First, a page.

He then ran back again to fetch the large horse-whip he kept hung up behind his door for use on these occasions.
La Trouille must have heard him, for there was a prolonged rustling under the leaves, as of some one escaping; and, two minutes later, Victor carelessly strolled back. He examined his scythe, and finally returned to his work. When Jean called over to him to ask if he had got the stomach-ache, he replied:
The rick was now nearly completed, more than four yards high, solid, and rounded into bee-hive shape. Palmyre flung up the last trusses with her long thin arms; and Françoise, standing on the apex, seemed to grow taller against the pale sky, lit up by the pink glow of the setting sun. She was now quite out of breath, quite tremulous after her exertion, bathed in perspiration, with her hair clinging to her skin. Her bodice was open, showing her firm little bosom, while her skirt had burst its fastenings and was slipping down from her haunches.
"Oh, dear! How high it is! I'm getting giddy," she said; and then she laughed shiveringly, and hesitated; not venturing to descend, but merely stretching out her foot and instantly drawing it back again.
"No, it's too high. Go and get a ladder," she added.
"Sit down, stupid, why don't you!" said Jean. "Slide down."
"No, no! I'm afraid; I can't!"
There were shouts of encouragement, and some free jesting.
Not on her stomach; that would make it swell! On her croup, provided she had no chilblains there! He, standing below, was getting excited as he looked up at the legs of the girl, gradually feeling exasperated to see her so high out of reach, and unconsciously seized with a virile desire to get close to her and embrace her.
"Don't I tell you you won't do yourself any damage," he called. "Roll down; you'll fall into my arms."
He had stationed himself in front of the rick, and spread out his arms, displaying his chest that she might throw herself upon it. When she suddenly came to a decision, and, shutting her eyes, let herself go, her fall down the slippery side of the stack was so smart that she knocked him over and got somehow a-straddle round his ribs. She lay on the ground, with her petticoats up, choking with laughter and spluttering out that she wasn't hurt. On feeling her burning and perspiring form against his face, he had seized her in his arms. Her powerful feminine odour, the strong smell of the hay and the fresh air, intoxicated him, stiffening all his sinews with a sudden mad desire. Then, too, there was something else; a hitherto unknown passion for this child, now bursting into strength; a sentimental and sensual fondness which had originated long back, increasing with their frolicsome, hearty laughter, and ending in this longing to clasp her there upon the grass.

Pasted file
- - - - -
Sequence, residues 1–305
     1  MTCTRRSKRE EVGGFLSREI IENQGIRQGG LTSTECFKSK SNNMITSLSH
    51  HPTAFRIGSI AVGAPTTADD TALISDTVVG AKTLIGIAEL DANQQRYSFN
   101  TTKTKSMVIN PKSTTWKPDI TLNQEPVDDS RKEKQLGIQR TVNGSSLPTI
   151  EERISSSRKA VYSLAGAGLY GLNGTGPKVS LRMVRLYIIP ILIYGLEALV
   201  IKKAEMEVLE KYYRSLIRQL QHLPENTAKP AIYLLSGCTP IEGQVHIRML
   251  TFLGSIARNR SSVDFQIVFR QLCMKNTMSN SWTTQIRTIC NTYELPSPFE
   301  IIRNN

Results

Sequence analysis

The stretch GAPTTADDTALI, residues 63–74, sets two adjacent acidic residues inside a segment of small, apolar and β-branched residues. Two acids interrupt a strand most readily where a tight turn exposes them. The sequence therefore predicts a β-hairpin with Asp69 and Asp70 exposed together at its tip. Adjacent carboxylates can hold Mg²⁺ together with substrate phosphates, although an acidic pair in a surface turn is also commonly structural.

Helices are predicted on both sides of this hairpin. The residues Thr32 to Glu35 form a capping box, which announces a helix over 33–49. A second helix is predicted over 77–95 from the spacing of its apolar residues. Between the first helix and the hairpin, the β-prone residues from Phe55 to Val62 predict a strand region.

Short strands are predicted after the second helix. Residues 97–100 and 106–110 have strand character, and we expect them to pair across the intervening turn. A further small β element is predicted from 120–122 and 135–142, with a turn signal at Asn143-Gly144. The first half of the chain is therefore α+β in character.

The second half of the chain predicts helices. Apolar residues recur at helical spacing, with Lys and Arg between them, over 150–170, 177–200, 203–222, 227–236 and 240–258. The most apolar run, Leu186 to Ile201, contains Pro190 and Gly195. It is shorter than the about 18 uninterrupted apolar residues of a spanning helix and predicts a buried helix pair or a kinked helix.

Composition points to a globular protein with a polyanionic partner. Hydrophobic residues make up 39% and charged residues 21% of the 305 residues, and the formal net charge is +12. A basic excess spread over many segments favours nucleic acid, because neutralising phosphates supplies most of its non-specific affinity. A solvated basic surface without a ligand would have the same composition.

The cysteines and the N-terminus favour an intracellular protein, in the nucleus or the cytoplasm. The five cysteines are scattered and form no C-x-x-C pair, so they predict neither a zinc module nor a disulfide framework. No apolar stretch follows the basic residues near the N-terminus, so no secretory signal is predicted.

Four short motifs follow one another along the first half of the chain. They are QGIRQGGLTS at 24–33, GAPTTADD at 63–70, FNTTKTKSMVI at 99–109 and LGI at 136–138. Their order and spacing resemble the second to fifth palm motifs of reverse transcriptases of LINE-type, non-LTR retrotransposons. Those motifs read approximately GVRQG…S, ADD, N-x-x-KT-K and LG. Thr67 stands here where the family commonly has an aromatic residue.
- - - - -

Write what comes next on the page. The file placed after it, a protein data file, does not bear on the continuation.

"Oh, Jean, don't! You're breaking my bones!"
She still laughed, thinking him in play. He, catching sight of Palmyre's saucer-like eyes, started up shivering, with the wild aspect of a drunkard sobered by the view of a yawning chasm. What was this? It was not Lise he wanted, but this chit! The thought of Lise's flesh in contact with his own had never so much as quickened his heart; whilst all his blood rose and suffocated him at the mere idea of kissing Françoise. Now he knew why he was so fond of visiting and helping the two sisters. Yet the child was so young that he was ashamed and in despair.
Lise was just then coming back from the Fouans. On the road she had reflected. She would have preferred Buteau, because, after all, he was the father of her baby. The old folks were right; why push things on? The day Buteau said no there would still be Jean to say yes.
She accosted the latter without delay.
"No answer; uncle knows nothing. Let us wait."
Still distraught and quivering, Jean stared at her without comprehending. Then he remembered: the marriage, the infant, Buteau's consent, the whole arrangement that, two hours earlier, he had considered advantageous for her and for himself. He hastened to reply:
"Yes, yes, let us wait. That'll be best."
Night was drawing in. One star already shone in the violet sky. In the growing twilight, the dim round outlines of the first stacks—protuberances on the smooth expanse of meadow—were all that was distinguishable. But the odours from the warm earth rose in greater strength amid the calm air: sounds were heard more distinctly, more prolonged and more musically limpid. Voices of men and women, faint laughter, mingled with the snort of an animal, the clink of an implement; while some mowers, growing pertinacious over a strip of meadow, went on unremittingly with their task, the broad regular whizz of the scythe still resounding, although the work was no longer visible.